Students were hard pressed to decide which part of a career-inspiring afternoon they enjoyed more: Yo-Yo Ma’s rehearsal with the Louisiana Philharmonic Orchestra or the time he spent with them afterward answering questions. His joy, his body, his bow, his cello were as one as he and the orchestra moved through Schumann’s Cello Concerto.
On the one hand, wrote Classical Instrumental student Eva Friehberg, “I was affected greatly by Yo-Yo Ma’s rehearsal with the LPO and I’m grateful that I was given the chance to watch him play as well as watch him work with the orchestra. I have never seen someone play with as much intensity and grace on the cello. It impressed me how Yo-Yo Ma could hear all the different parts of the orchestra and could communicate specifically to certain sections and certain players what he wanted and what he felt could change.”
On the other hand, wrote classical pianist Sarah Palmer, “I was really awestruck the entire time, but the best part was when he came down from the stage to talk to the NOCCA and GNOYO kids. He was so kind and attentive and answered our questions with such humor and sincerity.”
The students took to heart everything he had to say. He asked them their critique of the performance, subtly addressing the connection between performer and audience. “If I am playing the most beautiful music in the world and you as an audience don’t get it…. What is important is how you feel about something and how you communicate it.”
“I get nervous,” one student said, “do you get nervous?”
“You have to know what kind of nerves you have,” the renowned cellist replied. “I have nerves because I don’t want to mess up. Yet, if you are going for technique and that’s your only goal, you will be nervous. What’s hard is what is expressive. Breathing slowing – 6 – 10 breaths – helps. But when you perform you have to get beyond people judging you.”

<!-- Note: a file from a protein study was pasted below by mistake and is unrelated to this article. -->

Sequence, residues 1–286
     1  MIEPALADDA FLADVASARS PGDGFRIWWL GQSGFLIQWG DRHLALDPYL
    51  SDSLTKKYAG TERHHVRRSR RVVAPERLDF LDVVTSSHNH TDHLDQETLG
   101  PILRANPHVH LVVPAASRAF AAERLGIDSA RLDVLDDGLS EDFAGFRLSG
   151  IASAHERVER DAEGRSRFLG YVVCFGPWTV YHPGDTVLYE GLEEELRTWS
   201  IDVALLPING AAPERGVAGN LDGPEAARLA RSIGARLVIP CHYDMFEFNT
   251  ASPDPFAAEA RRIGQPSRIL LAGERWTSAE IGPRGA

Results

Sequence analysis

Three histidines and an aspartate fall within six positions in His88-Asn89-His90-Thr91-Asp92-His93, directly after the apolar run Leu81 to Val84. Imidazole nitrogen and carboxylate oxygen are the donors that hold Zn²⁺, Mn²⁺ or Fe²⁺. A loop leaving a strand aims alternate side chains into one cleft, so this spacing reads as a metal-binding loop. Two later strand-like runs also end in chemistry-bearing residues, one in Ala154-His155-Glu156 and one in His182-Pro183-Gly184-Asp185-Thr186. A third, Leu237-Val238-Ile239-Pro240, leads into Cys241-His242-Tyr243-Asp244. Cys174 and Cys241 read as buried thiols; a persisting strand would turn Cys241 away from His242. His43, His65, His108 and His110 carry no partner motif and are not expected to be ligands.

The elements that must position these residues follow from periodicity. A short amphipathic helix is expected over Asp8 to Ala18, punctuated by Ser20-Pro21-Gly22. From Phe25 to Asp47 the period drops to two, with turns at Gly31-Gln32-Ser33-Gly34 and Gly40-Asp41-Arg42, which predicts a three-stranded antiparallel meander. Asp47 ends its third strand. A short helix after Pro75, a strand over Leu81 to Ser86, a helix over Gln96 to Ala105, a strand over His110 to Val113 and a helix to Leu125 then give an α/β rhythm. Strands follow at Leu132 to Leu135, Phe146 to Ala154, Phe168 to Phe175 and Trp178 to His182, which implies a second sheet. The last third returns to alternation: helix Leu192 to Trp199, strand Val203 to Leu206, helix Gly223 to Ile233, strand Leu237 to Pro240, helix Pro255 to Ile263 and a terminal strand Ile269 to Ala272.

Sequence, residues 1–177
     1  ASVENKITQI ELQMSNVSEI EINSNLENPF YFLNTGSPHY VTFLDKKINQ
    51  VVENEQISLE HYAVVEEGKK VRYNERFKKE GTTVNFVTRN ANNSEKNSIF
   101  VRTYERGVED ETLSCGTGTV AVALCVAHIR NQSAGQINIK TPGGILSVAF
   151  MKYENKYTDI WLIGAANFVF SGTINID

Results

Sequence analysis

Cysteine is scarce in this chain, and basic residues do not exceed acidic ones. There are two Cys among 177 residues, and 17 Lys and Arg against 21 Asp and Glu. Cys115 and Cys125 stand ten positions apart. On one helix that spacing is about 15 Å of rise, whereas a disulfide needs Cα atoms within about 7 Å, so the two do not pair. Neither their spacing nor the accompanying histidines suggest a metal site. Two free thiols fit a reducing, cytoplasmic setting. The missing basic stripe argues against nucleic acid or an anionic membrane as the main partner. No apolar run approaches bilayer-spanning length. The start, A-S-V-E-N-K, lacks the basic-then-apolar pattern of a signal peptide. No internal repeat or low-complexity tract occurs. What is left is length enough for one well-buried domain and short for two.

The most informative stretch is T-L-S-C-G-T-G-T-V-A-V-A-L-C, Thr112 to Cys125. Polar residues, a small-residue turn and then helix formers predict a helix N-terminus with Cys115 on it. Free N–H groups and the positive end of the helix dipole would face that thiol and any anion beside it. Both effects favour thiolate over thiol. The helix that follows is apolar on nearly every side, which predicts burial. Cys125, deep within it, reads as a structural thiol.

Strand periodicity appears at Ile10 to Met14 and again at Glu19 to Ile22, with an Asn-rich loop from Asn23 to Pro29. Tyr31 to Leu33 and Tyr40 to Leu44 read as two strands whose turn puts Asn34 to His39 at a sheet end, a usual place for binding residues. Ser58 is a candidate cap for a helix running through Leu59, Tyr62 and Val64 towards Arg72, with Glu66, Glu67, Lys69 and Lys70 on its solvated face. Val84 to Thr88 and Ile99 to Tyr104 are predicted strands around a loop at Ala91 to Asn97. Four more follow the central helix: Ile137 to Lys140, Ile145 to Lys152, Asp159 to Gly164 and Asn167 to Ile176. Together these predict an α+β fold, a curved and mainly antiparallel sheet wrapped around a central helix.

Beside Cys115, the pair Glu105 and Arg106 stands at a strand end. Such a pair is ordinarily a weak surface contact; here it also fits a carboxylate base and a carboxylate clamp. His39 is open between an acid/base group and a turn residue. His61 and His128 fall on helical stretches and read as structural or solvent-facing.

“When you are performing,” Yo-Yo Ma added, “you are telling a story and you have to own it. It’s about sharing.”
He helped students understand how to break down a problem into smaller parts. Most importantly he helped them move forward as musicians and young people. “How do you keep yourself motivated when doing something you don’t want to do,” the last student asked. “The hardest thing to do is going from something you have to do to something you want to do. Only you know where that switch is. But once you get inside something it gets easier. Ever notice how time flies when you truly get inside something. Find that one part you love, the melody, harmonic time, or simply one note” and use that to move ahead.
The two hour rehearsal will live on. “I can only hope that some day,” student Melinda Davis expressed, “I might be as invigorated and passionate about what I do as Yo-Yo Ma is.”
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